Wednesday 17th May was the date of the 2017 Friends of Bookham Commons Celebration Evening. More than 100 supporters enjoyed the evening’s presentation from Mr Ted Green who gave a talk on trees and how they have been used on common land down the ages pointing out some interesting facts and sharing the message that there is to be a ‘bronze’ statue of an oak tree placed in London as a reminder of the important part oak trees have played in our culture and society.

The second presentation of the evening was from Mr Ian Swinney, Ranger with the National Trust based at Bookham Commons, who gave an update on progress of the Edge project to save the nightingale and the work that he and the group of volunteers have achieved throughout the year.

The raffle prizes this year were some outstanding wooden products made by the National Trust volunteers.

Thank you to all who attended to support the Friends of Bookham Commons and to Leah Lainchbury and volunteers for all the social arrangements that made the evening a success and finally, a big thank you to Elizabeth Treliving and team for a delicious buffet.

A Short Walk Around Bookham Commons and the First Signs of Spring.

The recent uplift in temperatures has begun to transform life in the commons, even though the signs are often so very small, the effect is a seasonal shift, the stirrings of spring.

Entering the commons by way of the tunnel car park, the first signs only became apparent when gazing toward the setting sun. Illuminated in the watery winter rays were insects, tiny and fragile winged insects, possibly mayflies, bobbing up and down on invisible threads about a meter and a half above ground. These dancing flies seemed suspended along the line of the sunlight and when approached become still, disappearing from view, onto the nearest leaf.

Lichen and moss covering branches on the avenue of oak trees were responding to the extra light adding a faint green tinge to the lattice of budding branches overhead. A tour around the muddy edges of the pond and investigation into the submerged clumps of grasses, revealed no signs of frog spawn, however a little distance apart were stands of hazel flushed with catkins.

On the approach to the tunnel car park in the fading light, a flying creature, not a bird but a bat, a very small bat dipped and swooped across a natural amphitheater, the aerial space between the crowns of three towering oaks.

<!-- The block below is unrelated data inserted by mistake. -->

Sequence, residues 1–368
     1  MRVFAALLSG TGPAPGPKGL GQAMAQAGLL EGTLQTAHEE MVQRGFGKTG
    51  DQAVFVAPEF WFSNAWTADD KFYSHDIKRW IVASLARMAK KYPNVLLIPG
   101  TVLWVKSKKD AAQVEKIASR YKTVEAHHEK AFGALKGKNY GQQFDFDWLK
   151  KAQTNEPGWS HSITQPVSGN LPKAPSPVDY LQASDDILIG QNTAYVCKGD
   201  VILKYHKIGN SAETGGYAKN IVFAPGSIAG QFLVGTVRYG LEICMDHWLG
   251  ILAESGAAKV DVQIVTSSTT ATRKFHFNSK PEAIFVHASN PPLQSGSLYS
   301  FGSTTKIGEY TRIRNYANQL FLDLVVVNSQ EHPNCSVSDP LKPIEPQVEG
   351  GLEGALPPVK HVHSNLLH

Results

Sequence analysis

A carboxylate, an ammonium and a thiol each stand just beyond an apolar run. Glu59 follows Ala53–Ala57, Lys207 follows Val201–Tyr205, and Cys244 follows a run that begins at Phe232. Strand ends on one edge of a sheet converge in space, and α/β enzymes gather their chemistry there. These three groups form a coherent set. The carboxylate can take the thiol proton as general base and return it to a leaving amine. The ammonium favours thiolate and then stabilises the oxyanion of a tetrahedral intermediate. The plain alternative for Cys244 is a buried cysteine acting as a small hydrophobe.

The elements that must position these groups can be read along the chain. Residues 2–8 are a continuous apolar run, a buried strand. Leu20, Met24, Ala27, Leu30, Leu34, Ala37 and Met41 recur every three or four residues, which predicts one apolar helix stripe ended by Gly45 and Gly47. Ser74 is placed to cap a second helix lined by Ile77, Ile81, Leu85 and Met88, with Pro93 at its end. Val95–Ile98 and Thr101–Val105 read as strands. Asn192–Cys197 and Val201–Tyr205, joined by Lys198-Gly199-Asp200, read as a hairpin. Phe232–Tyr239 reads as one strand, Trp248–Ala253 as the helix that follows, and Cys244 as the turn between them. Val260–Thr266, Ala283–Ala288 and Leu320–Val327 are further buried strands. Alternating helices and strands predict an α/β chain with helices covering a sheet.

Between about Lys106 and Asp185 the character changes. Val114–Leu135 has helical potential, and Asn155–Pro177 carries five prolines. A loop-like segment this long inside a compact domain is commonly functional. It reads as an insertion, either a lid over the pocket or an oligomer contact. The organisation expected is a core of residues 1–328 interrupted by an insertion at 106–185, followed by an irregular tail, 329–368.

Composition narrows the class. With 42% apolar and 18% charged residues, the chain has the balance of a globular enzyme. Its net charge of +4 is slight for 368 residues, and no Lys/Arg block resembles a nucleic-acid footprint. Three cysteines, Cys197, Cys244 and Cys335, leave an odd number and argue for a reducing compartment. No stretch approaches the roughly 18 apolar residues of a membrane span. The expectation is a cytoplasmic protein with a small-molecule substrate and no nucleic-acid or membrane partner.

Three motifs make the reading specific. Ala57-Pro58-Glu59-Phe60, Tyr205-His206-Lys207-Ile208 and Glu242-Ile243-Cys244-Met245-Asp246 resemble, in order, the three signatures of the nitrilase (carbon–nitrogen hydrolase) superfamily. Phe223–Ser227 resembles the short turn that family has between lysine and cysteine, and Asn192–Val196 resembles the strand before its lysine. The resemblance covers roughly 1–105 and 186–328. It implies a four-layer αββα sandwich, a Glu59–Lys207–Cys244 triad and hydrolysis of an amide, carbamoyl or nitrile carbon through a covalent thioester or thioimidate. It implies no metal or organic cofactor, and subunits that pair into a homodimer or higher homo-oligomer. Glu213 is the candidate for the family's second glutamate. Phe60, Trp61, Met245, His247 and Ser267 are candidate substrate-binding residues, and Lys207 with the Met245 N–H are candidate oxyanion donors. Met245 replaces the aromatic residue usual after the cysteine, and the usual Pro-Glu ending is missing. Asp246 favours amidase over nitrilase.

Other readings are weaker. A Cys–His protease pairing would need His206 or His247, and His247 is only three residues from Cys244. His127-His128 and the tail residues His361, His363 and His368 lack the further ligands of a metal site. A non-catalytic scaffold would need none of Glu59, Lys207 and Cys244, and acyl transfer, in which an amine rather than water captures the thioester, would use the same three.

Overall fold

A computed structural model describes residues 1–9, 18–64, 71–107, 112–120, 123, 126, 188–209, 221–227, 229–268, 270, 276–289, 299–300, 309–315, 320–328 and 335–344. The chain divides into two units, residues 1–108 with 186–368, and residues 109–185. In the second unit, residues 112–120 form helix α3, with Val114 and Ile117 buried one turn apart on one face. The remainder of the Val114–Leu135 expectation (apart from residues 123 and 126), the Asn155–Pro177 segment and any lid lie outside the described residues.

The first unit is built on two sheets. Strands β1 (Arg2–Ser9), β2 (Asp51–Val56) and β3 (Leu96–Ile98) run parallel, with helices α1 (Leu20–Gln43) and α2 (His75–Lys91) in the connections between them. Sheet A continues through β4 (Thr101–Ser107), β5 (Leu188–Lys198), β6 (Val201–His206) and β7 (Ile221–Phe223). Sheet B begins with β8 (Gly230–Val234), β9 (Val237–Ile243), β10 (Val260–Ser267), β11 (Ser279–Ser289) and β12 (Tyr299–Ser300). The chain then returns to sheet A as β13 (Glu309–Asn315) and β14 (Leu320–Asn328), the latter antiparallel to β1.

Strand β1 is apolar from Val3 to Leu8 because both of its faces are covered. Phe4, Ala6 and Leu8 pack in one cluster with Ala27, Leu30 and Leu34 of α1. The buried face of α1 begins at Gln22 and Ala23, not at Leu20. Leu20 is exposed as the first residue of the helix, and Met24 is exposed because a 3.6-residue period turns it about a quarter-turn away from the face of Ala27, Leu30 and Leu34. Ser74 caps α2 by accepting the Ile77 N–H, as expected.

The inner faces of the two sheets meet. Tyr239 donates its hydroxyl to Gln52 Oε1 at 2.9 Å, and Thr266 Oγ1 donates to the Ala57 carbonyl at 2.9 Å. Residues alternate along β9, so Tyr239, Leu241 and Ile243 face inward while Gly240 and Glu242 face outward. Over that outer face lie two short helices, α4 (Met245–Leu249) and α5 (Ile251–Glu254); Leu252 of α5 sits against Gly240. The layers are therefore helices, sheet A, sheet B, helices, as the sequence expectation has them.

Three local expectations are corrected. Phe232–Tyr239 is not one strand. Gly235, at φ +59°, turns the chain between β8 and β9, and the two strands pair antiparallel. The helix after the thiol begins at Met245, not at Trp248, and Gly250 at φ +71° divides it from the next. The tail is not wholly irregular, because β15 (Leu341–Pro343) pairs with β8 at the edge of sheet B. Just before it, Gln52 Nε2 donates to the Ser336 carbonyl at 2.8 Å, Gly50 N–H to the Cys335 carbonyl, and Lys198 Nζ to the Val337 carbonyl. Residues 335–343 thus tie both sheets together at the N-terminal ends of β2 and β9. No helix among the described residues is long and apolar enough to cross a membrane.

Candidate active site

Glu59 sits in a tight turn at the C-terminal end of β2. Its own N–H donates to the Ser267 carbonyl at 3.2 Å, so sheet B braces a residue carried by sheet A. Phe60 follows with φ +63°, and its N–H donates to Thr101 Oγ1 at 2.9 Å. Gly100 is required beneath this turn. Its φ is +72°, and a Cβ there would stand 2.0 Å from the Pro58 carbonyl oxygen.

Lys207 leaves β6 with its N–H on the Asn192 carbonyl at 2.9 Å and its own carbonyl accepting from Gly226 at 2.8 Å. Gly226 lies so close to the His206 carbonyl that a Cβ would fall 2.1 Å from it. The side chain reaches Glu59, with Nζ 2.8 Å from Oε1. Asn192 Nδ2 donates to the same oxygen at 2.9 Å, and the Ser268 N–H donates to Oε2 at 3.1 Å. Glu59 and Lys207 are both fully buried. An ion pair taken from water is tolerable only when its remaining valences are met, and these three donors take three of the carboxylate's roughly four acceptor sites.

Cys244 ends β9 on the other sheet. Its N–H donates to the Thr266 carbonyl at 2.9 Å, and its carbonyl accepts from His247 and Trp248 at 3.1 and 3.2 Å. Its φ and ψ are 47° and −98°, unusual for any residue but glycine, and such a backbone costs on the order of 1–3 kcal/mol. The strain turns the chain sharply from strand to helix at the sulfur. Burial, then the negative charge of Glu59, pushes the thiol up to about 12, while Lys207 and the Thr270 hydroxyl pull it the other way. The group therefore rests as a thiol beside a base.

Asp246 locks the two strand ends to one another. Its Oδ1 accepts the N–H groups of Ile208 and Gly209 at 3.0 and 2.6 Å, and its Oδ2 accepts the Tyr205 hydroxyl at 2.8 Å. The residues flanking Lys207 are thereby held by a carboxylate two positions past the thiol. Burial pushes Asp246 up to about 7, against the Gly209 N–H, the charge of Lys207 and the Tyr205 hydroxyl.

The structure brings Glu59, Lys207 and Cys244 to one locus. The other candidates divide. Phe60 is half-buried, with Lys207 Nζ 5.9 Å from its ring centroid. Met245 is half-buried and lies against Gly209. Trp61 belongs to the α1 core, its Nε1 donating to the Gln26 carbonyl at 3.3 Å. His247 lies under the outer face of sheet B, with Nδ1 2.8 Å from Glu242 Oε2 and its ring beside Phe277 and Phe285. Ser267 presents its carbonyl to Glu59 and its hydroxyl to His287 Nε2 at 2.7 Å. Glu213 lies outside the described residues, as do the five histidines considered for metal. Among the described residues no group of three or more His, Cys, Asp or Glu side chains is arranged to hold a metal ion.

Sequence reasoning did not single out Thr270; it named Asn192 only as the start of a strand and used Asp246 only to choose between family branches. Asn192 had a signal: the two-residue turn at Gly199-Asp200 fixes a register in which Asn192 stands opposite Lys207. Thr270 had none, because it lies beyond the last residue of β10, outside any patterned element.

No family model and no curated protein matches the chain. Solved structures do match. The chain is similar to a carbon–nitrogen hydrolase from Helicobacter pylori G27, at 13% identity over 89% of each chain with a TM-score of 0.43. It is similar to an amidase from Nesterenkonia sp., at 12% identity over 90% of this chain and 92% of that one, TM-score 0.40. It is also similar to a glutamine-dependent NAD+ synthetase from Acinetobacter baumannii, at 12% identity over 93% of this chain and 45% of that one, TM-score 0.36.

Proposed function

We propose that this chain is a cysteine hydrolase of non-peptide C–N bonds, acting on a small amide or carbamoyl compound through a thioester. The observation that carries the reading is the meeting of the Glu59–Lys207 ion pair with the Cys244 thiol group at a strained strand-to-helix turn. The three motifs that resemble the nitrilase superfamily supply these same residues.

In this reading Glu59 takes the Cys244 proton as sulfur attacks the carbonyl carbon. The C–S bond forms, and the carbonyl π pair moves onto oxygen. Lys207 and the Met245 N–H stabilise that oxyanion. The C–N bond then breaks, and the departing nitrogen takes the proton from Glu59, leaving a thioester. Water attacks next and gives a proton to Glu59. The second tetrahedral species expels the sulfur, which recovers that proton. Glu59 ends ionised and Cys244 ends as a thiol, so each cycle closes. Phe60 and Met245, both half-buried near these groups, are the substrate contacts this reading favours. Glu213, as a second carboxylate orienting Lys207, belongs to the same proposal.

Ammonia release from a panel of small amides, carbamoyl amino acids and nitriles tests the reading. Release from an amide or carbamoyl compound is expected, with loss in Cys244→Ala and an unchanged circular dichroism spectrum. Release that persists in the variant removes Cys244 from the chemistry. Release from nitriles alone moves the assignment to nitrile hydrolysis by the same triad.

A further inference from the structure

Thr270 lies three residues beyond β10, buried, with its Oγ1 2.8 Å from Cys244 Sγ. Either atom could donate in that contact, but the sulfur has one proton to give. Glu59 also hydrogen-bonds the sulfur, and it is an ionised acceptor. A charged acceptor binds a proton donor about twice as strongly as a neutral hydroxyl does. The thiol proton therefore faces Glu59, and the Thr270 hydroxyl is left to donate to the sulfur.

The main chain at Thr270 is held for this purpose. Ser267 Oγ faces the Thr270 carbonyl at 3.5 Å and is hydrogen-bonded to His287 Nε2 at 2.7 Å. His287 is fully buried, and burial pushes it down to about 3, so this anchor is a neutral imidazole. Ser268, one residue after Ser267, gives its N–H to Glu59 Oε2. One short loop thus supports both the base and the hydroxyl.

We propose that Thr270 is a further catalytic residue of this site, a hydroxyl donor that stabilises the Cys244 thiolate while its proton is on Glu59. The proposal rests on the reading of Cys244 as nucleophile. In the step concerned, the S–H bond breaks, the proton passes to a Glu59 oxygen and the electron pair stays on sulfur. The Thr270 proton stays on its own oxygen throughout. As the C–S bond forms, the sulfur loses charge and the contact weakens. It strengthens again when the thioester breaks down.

Its height and rapid flight movements made identification difficult but recognising and noting particular features helps to guide later identification in reference books. The reference guide, RSPB’s Wildlife of Britain, lists 5 species of bats: the brown long-eared bat, the common pipistrelle, Daubenton’s bat, the noctule bat and the serotine bat.

According to the information on geographic distribution, all 5 bats can be found in the area of Bookham Commons. By process of elimination the description of the noctule and serotine bats are too large in body and wing span to qualify, and judging by the silhouette the absence of long ears eliminates the brown long-eared bat. The common pipistrelle is described as having a somewhat jerky flight pattern which again, does not fit, leaving the possibility of Daubenton’s bat.

Interestingly, Daubenton’s bat favours open wooded areas, so that’s a tick for habitat type and, the clincher, ‘roosts in cracks in trees, and buildings and under bridges.’ Nearby, less than 30 meters from the site where the bat was spotted lay a potential roosting site in the railway tunnel, underneath the tunnel car park. There is the possibility that the sighting could have been Daubenton’s bat, but as every good naturalist knows, a positive identification of a species requires rigor and scientific investigation technique.

Even though positive identification is not always successful, there is a pleasant satisfaction in bearing witness to the ecological system at work through the changing seasons, the rise in temperatures allowing the insects to hatch, the insectivores responding to the food source and the cycle of life continues.

The Edge Project


Life on the edge